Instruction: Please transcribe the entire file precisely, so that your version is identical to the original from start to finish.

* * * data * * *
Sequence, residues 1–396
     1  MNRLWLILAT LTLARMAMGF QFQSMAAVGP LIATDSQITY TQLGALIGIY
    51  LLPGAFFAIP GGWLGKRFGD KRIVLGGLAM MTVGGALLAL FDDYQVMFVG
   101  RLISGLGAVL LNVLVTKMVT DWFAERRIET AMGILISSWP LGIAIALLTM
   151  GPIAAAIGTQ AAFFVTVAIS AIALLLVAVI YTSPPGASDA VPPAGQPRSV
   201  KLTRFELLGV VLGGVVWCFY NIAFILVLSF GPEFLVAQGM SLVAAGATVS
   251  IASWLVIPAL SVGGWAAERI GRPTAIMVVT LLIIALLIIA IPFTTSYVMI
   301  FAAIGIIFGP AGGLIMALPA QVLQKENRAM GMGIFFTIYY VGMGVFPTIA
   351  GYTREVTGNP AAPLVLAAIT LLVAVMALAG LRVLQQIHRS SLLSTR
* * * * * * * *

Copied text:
Sequence, residues 1–396
     1  MNRLWLILAT LTLARMAMGF QFQSMAAVGP LIATDSQITY TQLGALIGIY
    51  LLPGAFFAIP GGWLGKRFGD KRIVLGGLAM MTVGGALLAL FDDYQVMFVG
   101  RLISGLGAVL LNVLVTKMVT DWFAERRIET AMGILISSWP LGIAIALLTM
   151  GPIAAAIGTQ AAFFVTVAIS AIALLLVAVI YTSPPGASDA VPPAGQPRSV
   201  KLTRFELLGV VLGGVVWCFY NIAFILVLSF GPEFLVAQGM SLVAAGATVS
   251  IASWLVIPAL SVGGWAAERI GRPTAIMVVT LLIIALLIIA IPFTTSYVMI
   301  FAAIGIIFGP AGGLIMALPA QVLQKENRAM GMGIFFTIYY VGMGVFPTIA
   351  GYTREVTGNP AAPLVLAAIT LLVAVMALAG LRVLQQIHRS SLLSTR